Socialist Worker

Iraq round-up

Issue No. 1962

Troops in new abuse claims

Some 23 US soldiers serving in Iraq have been charged with mistreating detainees while on operations in the Baghdad area.

The soldiers are from a National Guard unit, the 184th Infantry. They are part time soldiers based in California and on their first deployment to Iraq.

The Los Angeles Times newspaper has reported that the troops used a stun gun to administer electric shocks to a suspected resistance fighter.

The paper also reported that members of the same unit had been investigated for allegedly extorting money from Iraqi shopkeepers in return for “protecting” them from insurgents.


Halliburton are making a killing

The US multinational Halliburton has announced that its KBR division, responsible for carrying out contracts for the Pentagon, experienced a 284 percent increase in profits during the second quarter of 2005.

The increase in profits was primarily due to the Pentagon’s payment of “award fees” for work done by KBR for the US military in the Middle East.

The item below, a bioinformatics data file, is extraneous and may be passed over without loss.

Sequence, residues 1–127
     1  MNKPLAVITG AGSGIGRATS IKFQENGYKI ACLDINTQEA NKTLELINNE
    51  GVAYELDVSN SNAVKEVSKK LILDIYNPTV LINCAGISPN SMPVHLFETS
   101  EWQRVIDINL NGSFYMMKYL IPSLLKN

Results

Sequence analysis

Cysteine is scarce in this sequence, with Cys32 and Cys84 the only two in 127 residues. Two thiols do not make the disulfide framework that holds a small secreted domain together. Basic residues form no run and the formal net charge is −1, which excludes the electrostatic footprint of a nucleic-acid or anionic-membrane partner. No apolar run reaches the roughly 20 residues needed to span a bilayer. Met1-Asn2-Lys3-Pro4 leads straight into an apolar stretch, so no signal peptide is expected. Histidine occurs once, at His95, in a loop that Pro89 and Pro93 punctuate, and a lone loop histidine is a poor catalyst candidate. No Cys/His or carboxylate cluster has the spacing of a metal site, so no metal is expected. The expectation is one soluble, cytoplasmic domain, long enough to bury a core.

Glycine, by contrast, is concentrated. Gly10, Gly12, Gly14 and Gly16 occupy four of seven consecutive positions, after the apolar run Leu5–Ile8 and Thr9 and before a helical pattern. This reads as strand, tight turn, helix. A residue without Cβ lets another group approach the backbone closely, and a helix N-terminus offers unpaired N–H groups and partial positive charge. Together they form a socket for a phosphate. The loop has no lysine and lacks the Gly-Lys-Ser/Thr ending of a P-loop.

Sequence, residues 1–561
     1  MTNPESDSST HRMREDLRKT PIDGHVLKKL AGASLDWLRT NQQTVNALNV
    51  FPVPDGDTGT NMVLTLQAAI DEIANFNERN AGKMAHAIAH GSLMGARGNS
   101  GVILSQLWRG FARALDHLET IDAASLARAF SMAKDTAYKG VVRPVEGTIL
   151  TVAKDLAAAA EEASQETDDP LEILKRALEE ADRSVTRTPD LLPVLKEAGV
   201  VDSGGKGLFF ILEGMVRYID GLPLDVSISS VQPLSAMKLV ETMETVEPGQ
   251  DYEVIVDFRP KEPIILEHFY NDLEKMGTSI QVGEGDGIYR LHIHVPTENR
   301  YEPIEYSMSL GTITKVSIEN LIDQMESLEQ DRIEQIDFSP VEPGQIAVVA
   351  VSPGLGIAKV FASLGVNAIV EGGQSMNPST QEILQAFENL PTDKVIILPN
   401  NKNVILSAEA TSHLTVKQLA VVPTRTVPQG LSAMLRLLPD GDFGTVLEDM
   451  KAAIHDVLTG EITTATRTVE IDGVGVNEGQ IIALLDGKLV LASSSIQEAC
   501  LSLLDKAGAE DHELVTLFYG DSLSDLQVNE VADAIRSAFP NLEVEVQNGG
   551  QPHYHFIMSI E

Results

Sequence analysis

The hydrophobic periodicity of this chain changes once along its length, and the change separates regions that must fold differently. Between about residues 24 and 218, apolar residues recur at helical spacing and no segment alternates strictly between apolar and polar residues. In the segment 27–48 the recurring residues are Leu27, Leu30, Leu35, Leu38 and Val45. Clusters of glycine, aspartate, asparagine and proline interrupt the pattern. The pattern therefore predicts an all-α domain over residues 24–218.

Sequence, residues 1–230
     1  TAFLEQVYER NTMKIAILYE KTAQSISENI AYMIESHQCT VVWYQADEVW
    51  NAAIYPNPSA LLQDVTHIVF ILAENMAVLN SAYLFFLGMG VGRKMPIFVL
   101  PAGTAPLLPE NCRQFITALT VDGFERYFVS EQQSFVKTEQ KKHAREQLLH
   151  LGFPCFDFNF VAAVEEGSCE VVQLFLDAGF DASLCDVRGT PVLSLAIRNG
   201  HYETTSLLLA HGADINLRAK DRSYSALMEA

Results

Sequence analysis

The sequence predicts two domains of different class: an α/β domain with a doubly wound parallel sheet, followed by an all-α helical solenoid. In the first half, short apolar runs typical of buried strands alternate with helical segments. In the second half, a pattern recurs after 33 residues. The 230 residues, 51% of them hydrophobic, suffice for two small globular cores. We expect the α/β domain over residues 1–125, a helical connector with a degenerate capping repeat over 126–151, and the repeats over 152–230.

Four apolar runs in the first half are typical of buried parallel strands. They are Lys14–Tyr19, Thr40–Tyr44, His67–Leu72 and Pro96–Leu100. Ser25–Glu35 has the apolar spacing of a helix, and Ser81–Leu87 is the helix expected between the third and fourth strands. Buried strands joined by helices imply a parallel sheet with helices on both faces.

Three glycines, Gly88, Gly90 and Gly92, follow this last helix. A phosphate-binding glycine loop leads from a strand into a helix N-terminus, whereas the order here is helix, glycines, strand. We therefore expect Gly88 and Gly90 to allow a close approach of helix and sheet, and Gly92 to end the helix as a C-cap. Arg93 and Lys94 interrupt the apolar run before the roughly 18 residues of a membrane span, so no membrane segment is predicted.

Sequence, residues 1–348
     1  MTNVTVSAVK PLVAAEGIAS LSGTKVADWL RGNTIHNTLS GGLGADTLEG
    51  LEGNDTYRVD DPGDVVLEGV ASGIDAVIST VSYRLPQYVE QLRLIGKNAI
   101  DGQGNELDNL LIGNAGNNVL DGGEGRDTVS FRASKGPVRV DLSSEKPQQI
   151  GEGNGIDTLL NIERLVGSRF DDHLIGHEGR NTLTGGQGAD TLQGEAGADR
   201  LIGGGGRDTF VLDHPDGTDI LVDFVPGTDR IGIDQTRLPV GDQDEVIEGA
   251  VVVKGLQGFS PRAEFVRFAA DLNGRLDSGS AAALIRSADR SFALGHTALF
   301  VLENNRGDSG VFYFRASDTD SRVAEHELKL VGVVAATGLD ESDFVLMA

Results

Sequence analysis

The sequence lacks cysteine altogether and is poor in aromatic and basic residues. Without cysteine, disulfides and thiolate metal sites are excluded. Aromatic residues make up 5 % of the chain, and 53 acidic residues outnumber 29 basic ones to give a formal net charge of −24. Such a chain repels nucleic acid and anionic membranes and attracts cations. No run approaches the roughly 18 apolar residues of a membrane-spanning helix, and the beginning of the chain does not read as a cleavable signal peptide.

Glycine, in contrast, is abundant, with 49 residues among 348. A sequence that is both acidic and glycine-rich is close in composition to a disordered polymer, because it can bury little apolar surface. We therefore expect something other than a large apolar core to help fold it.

The Pentagon handed $70 million in “award” fees to the company.

Halliburton’s announcement comes on the heels of new reports showing the Iraq and Afghan wars have already cost US taxpayers $314 billion, and that another ten years of war will cost $700 billion.


Life gets worse in the new Iraq

Living conditions for the people of Iraq have deteriorated significantly under the US occupation, according to a new report by the United Nations Development Programme (UNDP) and the Iraqi Ministry of Planning and Development Cooperation.

The study is based on a survey of 21,000 households and shows that the Iraqi people are suffering widespread deaths and war related injuries, high rates of infant and child mortality, chronic malnutrition and illness among children, low rates of life expectancy and significant setbacks with regard to the role of women in society.

Nearly 25 percent of Iraqi children now suffer chronic malnutrition, and 8 percent suffer acute malnutrition. Illness levels among Iraqi children are also high, which is partly the result of unsafe drinking water and poor sanitation.

The UNDP study found that infant and child mortality rates remain high.


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News
Sat 6 Aug 2005, 00:00 BST
Issue No. 1962
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